Australia’s Economic Development Committee says budget ‘reset’ needed after pandemic debt binge


Federal government debt will exceed $1 trillion in coming years, largely due to $337 billion in direct COVID-19 fiscal support, while combined state and territory net debt will reach $500 billion. dollars this year.

“State governments have also significantly increased their debt levels during the crisis. The long-term picture of fiscal sustainability will be incomplete without an assessment of the substantial spending and revenue pressures facing states,” Ball said.

Combined state and territory public debt as a percentage of GDP is projected to more than triple, from less than 5% in 2018-19 to more than 15% by 2024-25.

Supply-side challenges

Over the IGR’s 40-year horizon, federal government net debt is projected to hover between 30% and 40% of GDP through 2060, based on current policies. However, if governments are included, net debt is expected to reach 70% of GDP, largely due to population ageing.

“Looking ahead, we can see that all of the challenges are on the supply side of the economy and that these challenges are colliding headlong with aging and the rising costs of climate change,” he said. said Mr. Ball.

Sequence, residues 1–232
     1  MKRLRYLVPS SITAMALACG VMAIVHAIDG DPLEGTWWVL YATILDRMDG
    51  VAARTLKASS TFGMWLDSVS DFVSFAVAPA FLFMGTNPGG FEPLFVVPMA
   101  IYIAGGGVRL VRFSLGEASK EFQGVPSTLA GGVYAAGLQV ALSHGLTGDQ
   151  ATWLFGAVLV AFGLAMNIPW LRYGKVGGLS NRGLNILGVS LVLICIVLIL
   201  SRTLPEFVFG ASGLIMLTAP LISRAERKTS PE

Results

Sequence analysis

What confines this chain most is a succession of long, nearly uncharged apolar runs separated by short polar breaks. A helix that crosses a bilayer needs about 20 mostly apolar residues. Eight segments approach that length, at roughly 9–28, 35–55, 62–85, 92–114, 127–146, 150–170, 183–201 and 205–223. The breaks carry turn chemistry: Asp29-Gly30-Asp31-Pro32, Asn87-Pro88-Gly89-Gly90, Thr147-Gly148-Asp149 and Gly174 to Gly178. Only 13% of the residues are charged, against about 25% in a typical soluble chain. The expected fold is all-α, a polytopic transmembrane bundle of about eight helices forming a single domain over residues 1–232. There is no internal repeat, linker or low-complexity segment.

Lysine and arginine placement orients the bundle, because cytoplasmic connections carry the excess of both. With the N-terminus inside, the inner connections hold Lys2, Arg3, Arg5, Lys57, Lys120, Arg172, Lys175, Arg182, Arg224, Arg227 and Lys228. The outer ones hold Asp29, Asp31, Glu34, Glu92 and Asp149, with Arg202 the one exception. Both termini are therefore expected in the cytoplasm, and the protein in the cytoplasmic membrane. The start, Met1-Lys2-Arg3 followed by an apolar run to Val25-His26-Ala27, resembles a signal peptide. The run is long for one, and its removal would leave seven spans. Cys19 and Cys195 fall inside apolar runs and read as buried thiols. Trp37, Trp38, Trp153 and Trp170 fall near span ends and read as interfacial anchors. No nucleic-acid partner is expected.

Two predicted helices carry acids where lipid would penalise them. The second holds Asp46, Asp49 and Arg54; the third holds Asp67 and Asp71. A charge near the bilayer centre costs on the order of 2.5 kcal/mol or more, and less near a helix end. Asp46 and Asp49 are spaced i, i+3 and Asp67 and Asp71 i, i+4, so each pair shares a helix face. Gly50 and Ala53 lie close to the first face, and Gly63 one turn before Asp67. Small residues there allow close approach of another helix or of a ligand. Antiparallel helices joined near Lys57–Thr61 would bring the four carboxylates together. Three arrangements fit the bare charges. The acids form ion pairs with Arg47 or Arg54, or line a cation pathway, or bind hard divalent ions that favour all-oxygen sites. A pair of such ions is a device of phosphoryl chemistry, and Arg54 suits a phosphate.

CEDA wants a full review of the government’s fiscal framework after the federal election scheduled for May. This would come at the same time as the Reserve Bank of Australia would be subject to external scrutiny.

Treasurer Josh Frydenberg and his Labor counterpart Jim Chalmers have pledged to conduct a post-election review of the RBA and Australian monetary policy settings.

“There has been a lot of attention on the proposed review of the RBA and the monetary policy framework, but a review of the fiscal policy framework is badly needed to complement this if we are serious about the full range of macroeconomic levers. “, said Mr. said Boule.

Part of that would be a deep dive into the budget honesty charter introduced by Howard-era treasurer Peter Costello (now president of Nine Entertainment, publisher of The Australian Financial Review) and how the independent parliamentary budget office could be more involved.

As pork barrel allegations are leveled against both major parties ahead of the May election, CEDA wants more transparency about grant programs and binding principles on how the funds are administered.

Growth in off-budget spending is also a concern, prompting CEDA to call for standardized accounting rules. Labor, for example, has pledged to spend $47.4 billion which will not appear in the budget result due to its accounting treatment.


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